The hotel industry is the cyclic service business and a significant and distinct economic force within the country’s service economy that carries out a vital role in the country’s economic progress. When visitors spend money in hotels, restaurants and entertainment places it actually generates income for the local economy where it associates to economic development growth and activities. The hotel industry connects together many kinds of industries including the tourism industry, the transport and the foodservice industry. Each country gives emphasis to the significance of the hotel industry because it brings great income to the country and also necessary for the growth of the country. Hotels can make a significant impact through their services to the overall output of goods and amenities in a local and domestic economy where both direct and indirect contributions to GNP and GDP, jobs and foreign exchange earnings can be observed. The hotel industry and tourism industry in the United Arab Emirates (UAE); which ranks 18th in the world in terms of global tourism effectiveness are a significant contributor to the UAE economy, but the hotel industry plays an important role in the success of its economy.
Dubai, a federation of the seven independent states, is one of the world’s most visited destinations for worldwide tourists and has become one of the foremost luxury destinations in the world for leisure and business travelers, providing a multi-faceted destination that combines luxury hotels, shores, desert, grocery shopping, amusement and a flourishing business center. After Abu Dhabi, it is the second richest emirate in the UAE. It is a major tourist destination and over the last three centuries, it has become one of the world’s top travel and tourism hubs, as the Dubai hotel rates are affordable for most of the tourists. Its port, Jebel Ali, the biggest man-made port, is at the center of Middle East export trade and is accessible from all the continents. Therefore, its strategic place serves as the Middle East’s largest re-export center and it is no wonder that its hospitality industry is a growth factor. In 2004 it has enabled Dubai to evolve as a global hub for service industries such as IT and finance with the implementation of the Dubai International Financial center (DIFC).
There is a wrong concept in mind that main source of Dubai’s income is from oil reserves but the reality is that these reserves are used only to produce tourism & trade facilities. Dubai never had elevated oil profits like Abu Dhabi. Therefore, in order to build the economy of Dubai, the Dubai government took some extra measures and started to invest its oil generated revenues in the other business sectors i.e. tourism and hotel industries. Only a couple of hotels were accessible for the visitors in the early 1990’s. The Dubai government set up its own hotel company in 1997, named Jumeirah International. They arrived in the Dubai hotel market with a dream of becoming the world’s most innovative luxury hospitality group, seeking to increase the standard of emirate hotel accommodation. By constructing luxury hotels, Jumeirah International started the process to create a presence in the market.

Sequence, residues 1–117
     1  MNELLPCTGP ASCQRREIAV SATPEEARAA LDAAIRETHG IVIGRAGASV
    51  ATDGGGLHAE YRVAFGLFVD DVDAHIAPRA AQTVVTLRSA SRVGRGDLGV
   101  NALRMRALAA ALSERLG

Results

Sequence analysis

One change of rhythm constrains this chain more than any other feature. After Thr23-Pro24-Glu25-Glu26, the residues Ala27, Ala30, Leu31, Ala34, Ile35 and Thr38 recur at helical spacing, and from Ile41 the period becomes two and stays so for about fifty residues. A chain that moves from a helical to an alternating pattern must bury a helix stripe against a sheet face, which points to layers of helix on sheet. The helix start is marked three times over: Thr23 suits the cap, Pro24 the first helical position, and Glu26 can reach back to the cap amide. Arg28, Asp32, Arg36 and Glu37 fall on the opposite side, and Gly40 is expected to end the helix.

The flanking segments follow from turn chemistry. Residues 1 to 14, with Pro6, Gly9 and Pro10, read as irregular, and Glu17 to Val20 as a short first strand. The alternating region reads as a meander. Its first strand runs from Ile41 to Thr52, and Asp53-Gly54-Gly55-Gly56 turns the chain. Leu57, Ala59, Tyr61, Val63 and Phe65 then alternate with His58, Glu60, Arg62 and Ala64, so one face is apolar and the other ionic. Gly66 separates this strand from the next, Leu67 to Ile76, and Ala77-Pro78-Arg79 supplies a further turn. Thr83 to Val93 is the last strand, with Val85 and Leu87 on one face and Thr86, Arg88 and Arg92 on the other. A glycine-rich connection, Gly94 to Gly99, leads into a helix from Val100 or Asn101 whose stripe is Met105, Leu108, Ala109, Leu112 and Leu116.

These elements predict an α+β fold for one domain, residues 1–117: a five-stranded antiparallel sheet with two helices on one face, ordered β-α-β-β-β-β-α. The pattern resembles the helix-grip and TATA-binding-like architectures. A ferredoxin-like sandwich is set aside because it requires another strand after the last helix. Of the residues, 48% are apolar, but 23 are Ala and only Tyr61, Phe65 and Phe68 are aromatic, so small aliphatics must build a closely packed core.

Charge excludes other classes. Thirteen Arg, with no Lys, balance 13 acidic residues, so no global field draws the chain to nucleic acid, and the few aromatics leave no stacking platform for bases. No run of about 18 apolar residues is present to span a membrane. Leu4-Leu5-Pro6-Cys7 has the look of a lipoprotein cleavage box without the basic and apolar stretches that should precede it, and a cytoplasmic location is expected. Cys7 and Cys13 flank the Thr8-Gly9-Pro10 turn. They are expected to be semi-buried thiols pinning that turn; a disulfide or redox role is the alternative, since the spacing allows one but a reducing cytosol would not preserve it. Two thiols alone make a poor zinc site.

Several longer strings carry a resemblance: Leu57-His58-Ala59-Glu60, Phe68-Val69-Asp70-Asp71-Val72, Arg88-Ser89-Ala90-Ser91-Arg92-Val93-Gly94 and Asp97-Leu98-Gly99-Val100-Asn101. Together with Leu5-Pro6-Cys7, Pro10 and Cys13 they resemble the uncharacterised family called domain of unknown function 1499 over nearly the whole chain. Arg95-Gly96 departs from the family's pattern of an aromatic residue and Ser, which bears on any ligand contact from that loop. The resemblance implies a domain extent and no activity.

This approach had the required impact if both adding to the inventory of five-star hotels and, Dubai discount hotels and attracting the attention of other major regional and international hotel businesses seeking to invest and create a presence in the increasing tourism industry in Dubai. Because the government promotes investors to construct new hotels with the promise of tourists arriving. This approach rapidly made it possible for Dubai to merge with a supply of quality hotels and hotel rooms as a reliable tourist destination. It is estimated that hotel occupancy rose to over 80 percent in the mid-2000s. According to data from the Dubai statistics office, the hotel industry was the largest increasing industry in the Dubai economy in 2012, recording an annual growth rate of 16.9 percent. It also enjoyed a growing percentage share reaching around 4.5% in 2012, compared to 3.4% in 2008 and according to information from the Department of Tourism and Commerce Marketing (DTCM), occupancy at Dubai’s 599 hotels, which have 80500 rooms coupled, was 78 percent in 2012, as the number of tourists increased 9.3 percent from a year ago to 10.16 million.
As the UAE’s hospitality industry continues to develop rapidly, it offers highly promising career opportunities for skilled professionals, especially young Emiratis. In 2017, it was estimated that the industry contributed more than AED150bn to GDP (4.6% of GDP), providing nearly 570,000 jobs, representing 4.8% of total employment. In the 10 years to 2017, the direct contribution of the sector to GDP increased by 138%, with employment in the sector increasing by 119% over the same period. Prognoses show that the direct contribution will rise by an extra 72 percent by 2026, resulting in a 16 percent rise in associated jobs to over 659,000.